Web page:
It's no secret that many of the fairytales we know and love today are pretty sexist. Take Sleeping Beauty or Little Red Riding Hood: helpless heroines who need men to save them. In other stories, the women can only redeem the men through their own sacrifices, and in others, they suffer violent ends, whether deserved or undeserved. Yet women are the primary keepers and transmitters of stories like these: mothers, grandmothers, maids, and nurses have kept them alive from generation to generation by sharing them with the children they watch over. If that's so, why do the stories treat women so harshly?
Emily Ingram's The Grandmothers Grimm provides us with the answer: while women may have created and told the stories, it was men who wrote them down. Featuring a four-person cast, the play takes place on a night when Marie Hassenpflug, a young woman from a well-to-do family, visits Jacob and Wilhelm Grimm to hear and exchange fairytales for the new anthology the brothers are working on. Presented at the North Carolina State University's Frank Thompson Hall (and presented online through livestream and prerecorded video), the show is part of the 8th annual National Women's Theatre Festical (WTF).
The play starts with Marie and the brothers acting out a much darker, much more sexualized version of Little Red Riding Hood than most of us are familiar with, which Marie heard from her family's maid. When one of the brothers suggests that the maid must have stolen the tale from Charles Perrault, Marie is understandably offended. But when it's established that the maid couldn't read, and that Marie heard the story from her long before Perrault's published version came out, all are forced to agree that Perrault must be the one who "stole" it.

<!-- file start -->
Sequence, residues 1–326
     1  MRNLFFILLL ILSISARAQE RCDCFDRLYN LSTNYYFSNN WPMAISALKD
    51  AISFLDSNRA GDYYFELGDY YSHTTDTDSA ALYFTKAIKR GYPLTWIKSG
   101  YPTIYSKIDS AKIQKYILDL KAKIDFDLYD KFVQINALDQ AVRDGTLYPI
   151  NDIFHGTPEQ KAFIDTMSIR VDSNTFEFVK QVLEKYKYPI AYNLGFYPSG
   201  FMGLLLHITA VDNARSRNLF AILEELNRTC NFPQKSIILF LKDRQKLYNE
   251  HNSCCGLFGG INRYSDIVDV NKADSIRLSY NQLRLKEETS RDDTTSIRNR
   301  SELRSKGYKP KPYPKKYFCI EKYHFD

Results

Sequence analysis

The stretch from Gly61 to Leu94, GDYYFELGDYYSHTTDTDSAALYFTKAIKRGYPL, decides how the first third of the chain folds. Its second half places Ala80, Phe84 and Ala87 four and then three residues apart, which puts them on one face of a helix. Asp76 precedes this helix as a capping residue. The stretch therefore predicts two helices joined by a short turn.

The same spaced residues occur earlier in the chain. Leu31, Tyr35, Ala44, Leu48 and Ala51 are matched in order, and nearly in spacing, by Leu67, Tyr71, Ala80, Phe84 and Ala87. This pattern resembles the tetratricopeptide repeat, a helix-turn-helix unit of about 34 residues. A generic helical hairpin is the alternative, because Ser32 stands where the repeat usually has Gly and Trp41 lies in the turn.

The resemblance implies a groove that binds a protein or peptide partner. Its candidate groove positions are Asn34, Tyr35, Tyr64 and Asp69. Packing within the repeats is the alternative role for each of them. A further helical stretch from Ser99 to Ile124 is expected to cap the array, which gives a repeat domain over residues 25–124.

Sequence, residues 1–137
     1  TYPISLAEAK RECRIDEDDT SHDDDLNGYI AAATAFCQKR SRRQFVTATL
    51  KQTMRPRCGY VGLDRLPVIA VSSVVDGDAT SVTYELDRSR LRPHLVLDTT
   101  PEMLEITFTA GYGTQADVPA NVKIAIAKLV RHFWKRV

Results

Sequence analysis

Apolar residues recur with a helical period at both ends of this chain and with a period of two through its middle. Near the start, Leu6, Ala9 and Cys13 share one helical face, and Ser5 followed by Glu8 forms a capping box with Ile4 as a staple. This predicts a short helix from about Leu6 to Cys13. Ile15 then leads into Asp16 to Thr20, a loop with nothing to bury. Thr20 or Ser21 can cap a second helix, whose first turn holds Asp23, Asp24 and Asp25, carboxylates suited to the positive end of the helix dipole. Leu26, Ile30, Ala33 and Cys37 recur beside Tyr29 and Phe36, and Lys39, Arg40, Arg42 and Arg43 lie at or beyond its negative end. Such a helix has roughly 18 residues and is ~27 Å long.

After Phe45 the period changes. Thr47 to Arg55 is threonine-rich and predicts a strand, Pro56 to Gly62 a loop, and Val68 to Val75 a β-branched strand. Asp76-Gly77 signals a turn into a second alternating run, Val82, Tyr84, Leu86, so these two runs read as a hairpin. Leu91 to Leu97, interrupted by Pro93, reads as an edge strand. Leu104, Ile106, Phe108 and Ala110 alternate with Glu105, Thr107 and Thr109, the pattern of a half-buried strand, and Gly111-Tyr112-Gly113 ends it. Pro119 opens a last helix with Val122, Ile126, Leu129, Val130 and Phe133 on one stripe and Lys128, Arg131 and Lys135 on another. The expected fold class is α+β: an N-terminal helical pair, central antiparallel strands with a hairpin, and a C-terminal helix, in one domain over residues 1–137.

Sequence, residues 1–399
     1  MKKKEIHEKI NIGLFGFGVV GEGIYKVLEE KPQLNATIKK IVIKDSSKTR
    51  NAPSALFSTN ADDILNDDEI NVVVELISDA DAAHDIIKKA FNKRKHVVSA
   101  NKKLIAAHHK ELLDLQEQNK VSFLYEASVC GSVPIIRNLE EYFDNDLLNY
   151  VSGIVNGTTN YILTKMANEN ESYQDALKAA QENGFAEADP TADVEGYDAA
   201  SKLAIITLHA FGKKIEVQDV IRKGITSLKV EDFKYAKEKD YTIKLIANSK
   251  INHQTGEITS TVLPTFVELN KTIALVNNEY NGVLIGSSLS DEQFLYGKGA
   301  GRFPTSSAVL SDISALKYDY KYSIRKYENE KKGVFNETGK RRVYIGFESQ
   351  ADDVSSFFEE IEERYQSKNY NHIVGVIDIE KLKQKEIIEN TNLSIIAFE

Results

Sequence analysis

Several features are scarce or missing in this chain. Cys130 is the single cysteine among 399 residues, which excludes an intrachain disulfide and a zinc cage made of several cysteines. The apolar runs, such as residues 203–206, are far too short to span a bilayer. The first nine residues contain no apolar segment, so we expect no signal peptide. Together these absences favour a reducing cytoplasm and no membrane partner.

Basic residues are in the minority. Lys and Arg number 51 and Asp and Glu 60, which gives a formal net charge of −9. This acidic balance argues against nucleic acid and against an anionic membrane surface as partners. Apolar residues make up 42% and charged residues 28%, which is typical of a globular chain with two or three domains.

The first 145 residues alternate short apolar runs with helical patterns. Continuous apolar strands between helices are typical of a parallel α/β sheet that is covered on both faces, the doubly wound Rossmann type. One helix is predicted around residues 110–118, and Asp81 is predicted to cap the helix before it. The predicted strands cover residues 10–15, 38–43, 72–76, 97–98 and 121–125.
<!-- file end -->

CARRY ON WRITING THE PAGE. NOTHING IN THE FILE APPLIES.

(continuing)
Of course, "stealing" tales is just another word for writing them down, and authors as old and as storied as Shakespeare himself have been known to do it. But what Marie objects to is not the brothers' writing the stories down; rather, it's the fact that they present sexist versions of the tales and don't credit the women who created, or at least preserved, them. This is chillingly conveyed in the play through the presence of a character who remains largely ignored and unnamed until the very end: the Grimms' housekeeper. Clad in a gray dress and bonnet, she seems like a manifestation of the many lower-class German women from whom the brothers have taken their tales. While the brothers reap fame and fortune from the anthology, they women to whom the tales truly belong don't even get a sentence in the acknowledgements section. But this, of course, is nothing new either.
Though there's a sense throughout the production that some of the actors could have used just one or two more practice runs, Ingram's script is biting and illuminating. Raising interesting questions (should stories be preserved as is or improved in the telling? which tales are worthy of being recorded? how important is it for stories to have a good moral?), The Grandmothers Grimm casts Grimm's fairytales in a new light, and demands that we reread them in new ways.